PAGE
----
Attempts to neuter Jesus by repressing his sexuality have led to repressive notions of gender within the Church, and what gets repressed has a way of bubbling to the surface in all kinds of creepy pseudo-sexual devotion. But note the way that the Wisdom literature sets up ‘Lady Wisdom’ as the ideal wife. This is nothing new. If ‘only non-gendered religions can be universal’ does the particularity of the Incarnation mean that Christianity is fundamentally flawed? For me, this is a question of universality vs particularity.

    • Oh snap. I left an HTML tag open. I might have learned to think critically at Nashotah House, but I’m still working on my proofreading! :-)

    • Thanks, Jonathan, I always appreciate your replies! I don’t think it’s so much a matter of being taken seriously vis-a-vis marriage status, but a matter of what was worthy of note at the time. I very much doubt that anyone in the first century would have considered it necessary to mention that any rabbi had a wife; it was expected. It would not have been unusual for someone at the time to have mentioned lack of a wife, if even in ridicule. That doesn’t mean that Jesus was married, it just leaves the possibility open.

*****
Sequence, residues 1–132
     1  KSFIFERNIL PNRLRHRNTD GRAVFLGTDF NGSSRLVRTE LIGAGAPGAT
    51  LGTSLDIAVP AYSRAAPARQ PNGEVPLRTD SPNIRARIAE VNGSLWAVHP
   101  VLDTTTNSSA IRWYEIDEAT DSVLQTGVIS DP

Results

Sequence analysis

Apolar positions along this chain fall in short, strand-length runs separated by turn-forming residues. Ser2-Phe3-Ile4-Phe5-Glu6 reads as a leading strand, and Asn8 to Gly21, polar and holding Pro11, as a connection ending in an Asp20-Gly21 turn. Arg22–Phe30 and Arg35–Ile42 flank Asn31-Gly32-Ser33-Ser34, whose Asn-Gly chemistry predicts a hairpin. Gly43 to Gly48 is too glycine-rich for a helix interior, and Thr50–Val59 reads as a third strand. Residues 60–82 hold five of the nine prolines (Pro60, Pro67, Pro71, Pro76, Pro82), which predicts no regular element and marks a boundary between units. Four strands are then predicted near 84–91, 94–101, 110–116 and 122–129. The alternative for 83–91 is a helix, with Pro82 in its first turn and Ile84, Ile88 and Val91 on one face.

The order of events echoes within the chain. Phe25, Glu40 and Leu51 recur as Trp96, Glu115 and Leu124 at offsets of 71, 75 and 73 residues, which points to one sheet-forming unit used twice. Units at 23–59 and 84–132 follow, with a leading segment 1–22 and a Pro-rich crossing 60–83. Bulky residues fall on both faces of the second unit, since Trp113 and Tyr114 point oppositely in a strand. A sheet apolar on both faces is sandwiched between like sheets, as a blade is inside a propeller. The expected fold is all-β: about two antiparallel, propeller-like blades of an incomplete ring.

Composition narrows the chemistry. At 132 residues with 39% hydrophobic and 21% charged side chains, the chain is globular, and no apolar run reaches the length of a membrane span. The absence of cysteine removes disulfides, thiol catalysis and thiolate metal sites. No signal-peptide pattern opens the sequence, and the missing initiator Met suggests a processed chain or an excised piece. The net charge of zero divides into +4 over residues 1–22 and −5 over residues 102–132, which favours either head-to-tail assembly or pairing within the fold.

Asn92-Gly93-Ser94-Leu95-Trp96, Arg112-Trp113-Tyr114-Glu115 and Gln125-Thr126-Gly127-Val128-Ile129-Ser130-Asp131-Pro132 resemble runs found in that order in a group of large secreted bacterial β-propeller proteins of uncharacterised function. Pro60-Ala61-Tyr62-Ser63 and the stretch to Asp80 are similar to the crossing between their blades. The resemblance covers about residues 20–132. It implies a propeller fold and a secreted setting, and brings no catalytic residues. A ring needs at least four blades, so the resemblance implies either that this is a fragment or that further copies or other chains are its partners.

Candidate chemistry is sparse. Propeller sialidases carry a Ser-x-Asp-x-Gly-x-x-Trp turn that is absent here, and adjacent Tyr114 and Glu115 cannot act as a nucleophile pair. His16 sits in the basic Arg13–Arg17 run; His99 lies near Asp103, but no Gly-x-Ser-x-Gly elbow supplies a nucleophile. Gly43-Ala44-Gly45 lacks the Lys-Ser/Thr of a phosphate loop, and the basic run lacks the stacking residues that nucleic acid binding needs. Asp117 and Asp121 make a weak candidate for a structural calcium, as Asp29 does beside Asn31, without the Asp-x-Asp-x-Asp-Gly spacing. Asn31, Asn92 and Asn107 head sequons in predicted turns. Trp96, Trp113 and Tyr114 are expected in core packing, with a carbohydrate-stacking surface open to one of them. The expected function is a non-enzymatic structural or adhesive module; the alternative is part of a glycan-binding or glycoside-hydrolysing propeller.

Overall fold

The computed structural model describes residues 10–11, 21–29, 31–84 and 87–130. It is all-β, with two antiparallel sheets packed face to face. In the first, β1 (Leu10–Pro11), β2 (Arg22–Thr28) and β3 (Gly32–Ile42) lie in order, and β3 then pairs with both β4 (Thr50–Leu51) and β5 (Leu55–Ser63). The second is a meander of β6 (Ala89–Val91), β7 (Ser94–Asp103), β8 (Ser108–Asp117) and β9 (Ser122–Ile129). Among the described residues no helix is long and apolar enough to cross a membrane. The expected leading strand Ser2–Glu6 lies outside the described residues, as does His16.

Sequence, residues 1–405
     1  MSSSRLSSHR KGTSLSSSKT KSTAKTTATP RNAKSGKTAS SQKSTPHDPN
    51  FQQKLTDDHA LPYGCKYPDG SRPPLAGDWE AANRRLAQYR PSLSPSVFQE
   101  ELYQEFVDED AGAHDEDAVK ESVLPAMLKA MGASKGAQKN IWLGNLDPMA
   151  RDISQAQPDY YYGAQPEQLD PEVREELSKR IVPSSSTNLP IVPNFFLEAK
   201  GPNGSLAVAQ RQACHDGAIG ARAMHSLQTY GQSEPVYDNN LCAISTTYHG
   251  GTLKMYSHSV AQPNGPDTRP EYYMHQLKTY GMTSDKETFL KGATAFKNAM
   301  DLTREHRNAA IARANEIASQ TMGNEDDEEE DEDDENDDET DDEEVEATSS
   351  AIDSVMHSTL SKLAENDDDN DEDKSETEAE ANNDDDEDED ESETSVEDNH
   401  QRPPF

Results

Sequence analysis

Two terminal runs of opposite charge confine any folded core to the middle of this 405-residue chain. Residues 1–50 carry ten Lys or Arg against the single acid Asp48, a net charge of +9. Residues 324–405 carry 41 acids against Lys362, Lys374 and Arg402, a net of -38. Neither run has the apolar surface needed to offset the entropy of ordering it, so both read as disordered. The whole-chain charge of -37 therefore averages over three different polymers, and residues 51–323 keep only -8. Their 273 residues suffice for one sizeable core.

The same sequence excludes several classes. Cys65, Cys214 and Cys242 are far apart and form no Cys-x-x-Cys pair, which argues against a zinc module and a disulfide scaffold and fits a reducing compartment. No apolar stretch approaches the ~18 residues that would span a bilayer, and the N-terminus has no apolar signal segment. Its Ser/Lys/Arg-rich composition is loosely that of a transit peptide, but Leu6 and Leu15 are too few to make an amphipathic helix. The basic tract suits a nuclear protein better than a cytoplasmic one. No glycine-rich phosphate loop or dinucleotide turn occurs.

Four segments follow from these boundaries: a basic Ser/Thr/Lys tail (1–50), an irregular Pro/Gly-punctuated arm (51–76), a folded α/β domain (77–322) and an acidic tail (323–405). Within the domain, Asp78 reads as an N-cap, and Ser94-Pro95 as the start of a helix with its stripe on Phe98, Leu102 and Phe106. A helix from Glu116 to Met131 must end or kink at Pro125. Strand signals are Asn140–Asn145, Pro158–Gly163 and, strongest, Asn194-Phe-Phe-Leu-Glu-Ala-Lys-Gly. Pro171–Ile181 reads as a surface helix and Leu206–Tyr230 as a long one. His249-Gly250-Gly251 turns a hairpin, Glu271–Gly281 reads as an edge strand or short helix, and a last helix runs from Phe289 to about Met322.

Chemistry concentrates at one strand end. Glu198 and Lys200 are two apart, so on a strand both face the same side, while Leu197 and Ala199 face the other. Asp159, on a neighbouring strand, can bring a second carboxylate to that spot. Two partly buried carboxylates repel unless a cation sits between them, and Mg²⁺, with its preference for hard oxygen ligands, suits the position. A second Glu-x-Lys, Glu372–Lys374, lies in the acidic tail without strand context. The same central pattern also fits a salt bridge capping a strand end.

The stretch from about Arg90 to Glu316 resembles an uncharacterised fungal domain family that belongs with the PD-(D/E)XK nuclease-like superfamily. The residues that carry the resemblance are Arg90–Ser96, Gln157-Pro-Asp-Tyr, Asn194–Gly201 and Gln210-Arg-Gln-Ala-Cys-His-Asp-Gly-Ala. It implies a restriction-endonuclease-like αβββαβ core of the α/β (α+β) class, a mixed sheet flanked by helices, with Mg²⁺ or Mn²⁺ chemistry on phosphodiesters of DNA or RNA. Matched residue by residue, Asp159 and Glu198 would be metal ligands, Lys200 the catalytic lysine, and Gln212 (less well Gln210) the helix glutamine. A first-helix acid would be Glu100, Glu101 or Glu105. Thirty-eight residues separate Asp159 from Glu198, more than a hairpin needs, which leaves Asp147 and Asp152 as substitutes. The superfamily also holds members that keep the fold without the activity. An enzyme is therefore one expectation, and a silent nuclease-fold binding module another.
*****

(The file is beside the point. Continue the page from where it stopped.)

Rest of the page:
I agree that gender is one of the largest unresolved issues for Christian theology. When you add in the intersex issue (and it is a very serious one), new layers of complexity enter in. I see no reason to question that Jesus was male, nor Lady Wisdom female. But even the latter has a husband, according to the book of Proverbs!

  4. The plight of the Copts in today’s Egypt is of greater importance than this snippet of presumptive archaeology, but leave it to Americans to go for the sensational. I have grand-nephews getting beat up in Sharm el Sheik because they’ve inherited their parents’ cultural persuasion. For years, people I’ve met were surprised to discover there was Orthodox Christianty in Egypt. Now everyone thinks they know all about it because one idiot out in the land of fruits and nuts has been identified with the religion. It’s less a religion than it is a community. Though I haven’t wanted my in-laws to sign up for Islam, I’ve also regretted that they were persecuted more for their shared traditions than for a true sense of or faith in God.